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The Critical Function of Naming Beneficiaries

February 26, 2024

Blog: The Critical Function of Naming Beneficiaries


Sometimes the most mundane aspects of financial services are the most critical, and naming beneficiaries is one that I consider to be crucial.  In fact, one of the most common errors I come across with new clients is how their beneficiaries were previously listed.  Failing to establish proper beneficiaries can lead to unnecessary tax consequences, legal proceedings, and, in many cases, your money ending up with people you had no intention of leaving it to.

In this blog, we’ll walk through some of the important things to consider when setting up beneficiaries.

First, what is a beneficiary?  Simply put, a beneficiary is someone (or an entity) who inherits assets from someone who has died.  When you open a qualified (retirement) account, a life insurance policy, or when you set up your will, you’re prompted to name a beneficiary.  In some cases, you might have several beneficiaries.

In most cases, people leave their assets to their surviving spouse or children.  But, even though that’s a simple solution, there are more things to consider. 

First, clarity is important so that you name the person and the relationship to you.  Instead of listing “children,” for example, it’s better to list each child by name.

Next, you need to consider whether the beneficiary has the legal capacity to accept the assets.  A child under the age of 18 may need a guardian or a trust to accept the assets.  This is a common situation in life insurance cases, when the insured (often a parent) names small children as beneficiaries.  This can lead to unintended court cases and legal fees.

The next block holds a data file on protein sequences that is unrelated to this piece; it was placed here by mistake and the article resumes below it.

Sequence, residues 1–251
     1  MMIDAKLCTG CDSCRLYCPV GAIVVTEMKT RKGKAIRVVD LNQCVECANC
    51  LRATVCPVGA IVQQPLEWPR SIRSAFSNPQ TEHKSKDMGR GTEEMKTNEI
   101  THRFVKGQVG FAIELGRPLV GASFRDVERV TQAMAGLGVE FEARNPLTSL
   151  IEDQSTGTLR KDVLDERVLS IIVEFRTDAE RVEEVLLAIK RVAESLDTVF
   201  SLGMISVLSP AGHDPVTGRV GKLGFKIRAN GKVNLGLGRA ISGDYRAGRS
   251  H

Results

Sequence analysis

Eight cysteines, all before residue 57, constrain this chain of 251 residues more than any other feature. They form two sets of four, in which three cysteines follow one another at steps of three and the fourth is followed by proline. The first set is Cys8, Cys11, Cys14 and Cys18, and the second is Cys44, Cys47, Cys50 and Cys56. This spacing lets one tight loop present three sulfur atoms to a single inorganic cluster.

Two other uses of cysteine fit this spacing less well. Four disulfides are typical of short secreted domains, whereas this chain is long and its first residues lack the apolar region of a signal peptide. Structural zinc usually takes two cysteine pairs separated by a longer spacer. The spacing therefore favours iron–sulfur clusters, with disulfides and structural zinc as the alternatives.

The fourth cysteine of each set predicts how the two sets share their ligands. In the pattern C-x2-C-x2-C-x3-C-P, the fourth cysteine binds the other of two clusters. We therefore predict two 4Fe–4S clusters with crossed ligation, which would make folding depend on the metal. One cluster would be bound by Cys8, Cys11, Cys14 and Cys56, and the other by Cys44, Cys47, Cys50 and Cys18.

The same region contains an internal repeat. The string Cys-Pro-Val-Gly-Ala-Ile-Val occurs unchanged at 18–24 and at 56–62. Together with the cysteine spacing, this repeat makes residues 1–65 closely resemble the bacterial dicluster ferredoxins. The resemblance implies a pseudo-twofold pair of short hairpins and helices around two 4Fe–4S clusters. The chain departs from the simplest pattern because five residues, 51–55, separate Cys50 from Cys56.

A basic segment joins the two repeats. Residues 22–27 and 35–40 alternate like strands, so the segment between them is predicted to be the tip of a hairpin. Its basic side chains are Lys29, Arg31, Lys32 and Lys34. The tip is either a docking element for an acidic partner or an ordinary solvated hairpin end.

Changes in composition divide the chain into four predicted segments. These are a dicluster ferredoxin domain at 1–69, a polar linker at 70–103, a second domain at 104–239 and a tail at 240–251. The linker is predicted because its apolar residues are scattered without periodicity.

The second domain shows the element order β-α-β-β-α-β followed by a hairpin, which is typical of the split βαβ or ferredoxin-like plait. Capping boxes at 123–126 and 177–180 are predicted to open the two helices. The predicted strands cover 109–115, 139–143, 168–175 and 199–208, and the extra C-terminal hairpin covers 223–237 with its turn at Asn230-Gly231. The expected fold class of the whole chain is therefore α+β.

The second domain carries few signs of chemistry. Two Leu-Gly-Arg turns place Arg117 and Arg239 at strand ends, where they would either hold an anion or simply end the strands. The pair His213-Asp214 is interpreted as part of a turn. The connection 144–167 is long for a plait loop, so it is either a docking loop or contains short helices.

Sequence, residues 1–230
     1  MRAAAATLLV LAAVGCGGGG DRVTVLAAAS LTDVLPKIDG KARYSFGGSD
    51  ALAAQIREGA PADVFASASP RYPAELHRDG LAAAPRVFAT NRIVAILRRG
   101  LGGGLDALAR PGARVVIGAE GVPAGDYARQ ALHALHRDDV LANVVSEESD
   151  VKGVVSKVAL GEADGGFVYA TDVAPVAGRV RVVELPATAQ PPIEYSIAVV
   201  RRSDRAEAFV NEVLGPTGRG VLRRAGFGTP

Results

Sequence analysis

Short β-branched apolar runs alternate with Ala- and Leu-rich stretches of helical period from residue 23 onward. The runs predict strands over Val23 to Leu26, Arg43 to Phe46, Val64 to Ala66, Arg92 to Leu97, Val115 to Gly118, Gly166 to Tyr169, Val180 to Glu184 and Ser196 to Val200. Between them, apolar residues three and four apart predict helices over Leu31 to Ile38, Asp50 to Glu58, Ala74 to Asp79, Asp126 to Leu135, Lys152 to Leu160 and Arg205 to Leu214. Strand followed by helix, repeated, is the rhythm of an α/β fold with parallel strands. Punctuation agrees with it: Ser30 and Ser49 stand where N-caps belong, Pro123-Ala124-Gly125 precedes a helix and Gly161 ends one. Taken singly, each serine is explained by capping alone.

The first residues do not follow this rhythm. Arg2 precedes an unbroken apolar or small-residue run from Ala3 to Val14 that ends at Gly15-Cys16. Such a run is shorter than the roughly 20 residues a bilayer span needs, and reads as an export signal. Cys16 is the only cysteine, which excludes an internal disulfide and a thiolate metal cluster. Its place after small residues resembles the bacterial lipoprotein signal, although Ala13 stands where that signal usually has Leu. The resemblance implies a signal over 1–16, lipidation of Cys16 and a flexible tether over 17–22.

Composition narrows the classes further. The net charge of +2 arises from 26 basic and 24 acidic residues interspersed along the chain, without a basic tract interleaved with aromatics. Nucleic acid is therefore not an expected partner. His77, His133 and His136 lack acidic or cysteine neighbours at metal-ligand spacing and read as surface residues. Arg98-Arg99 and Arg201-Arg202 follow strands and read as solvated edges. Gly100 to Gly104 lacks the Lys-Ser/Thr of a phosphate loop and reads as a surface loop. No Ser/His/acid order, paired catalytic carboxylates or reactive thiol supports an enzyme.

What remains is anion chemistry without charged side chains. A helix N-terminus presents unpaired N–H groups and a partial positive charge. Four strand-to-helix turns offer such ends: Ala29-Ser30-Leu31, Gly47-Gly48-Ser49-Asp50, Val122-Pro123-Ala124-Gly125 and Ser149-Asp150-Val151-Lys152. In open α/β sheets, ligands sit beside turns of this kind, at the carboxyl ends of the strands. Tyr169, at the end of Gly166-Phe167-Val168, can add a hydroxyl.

Contingent beneficiaries, which are beneficiaries that would inherit assets if the primary beneficiaries were to pass before the assets were distributed, should also be named whenever possible.

Also, do any of the beneficiaries have special needs?  If so, even if they are over 18, establishing a trust for the beneficiary might be more appropriate than leaving the assets directly to them.

Another important consideration is naming beneficiaries in a blended marriage.  When someone enters into a marriage already having children, more consideration needs to be given to naming beneficiaries.  The lack of attention to this situation can lead to losing assets you had intended for your children.  Let me give you a hypothetical scenario:

Steve, who has two children, Michael and Emily, enters into marriage with Mary, who has one child, Robert.  Neither signs a prenuptial agreement or has a will establishing their beneficiaries.  Both Steve and Mary enter the marriage with $500,000 in assets. 

Shortly after the marriage, Steve passes away suddenly.  By law, since there are no documents to show otherwise, Steve’s assets can transfer to Mary instead of his children. 

Should Mary remarry (again, without a prenuptial agreement or a will), her new husband would receive all of her assets if she were to pass.  Steve’s children would have received none of the assets he accumulated.

The items listed above are some of the more obvious issues in estate planning.  There are many other considerations to be made when establishing beneficiaries, which is why I believe the most important takeaway you should have after reading this article is to consult an Estate Planning professional to be sure your beneficiary designations are appropriate for your intentions.

Of course, please don’t hesitate to contact me if you have any questions.





The opinions voiced in this material are for general information only and are not intended to provide specific advice or recommendations for any individual.

Joseph A. Dispenza is neither a tax advisor nor an estate planning attorney.  See a tax advisor or estate planning attorney for specific tax or estate planning advice.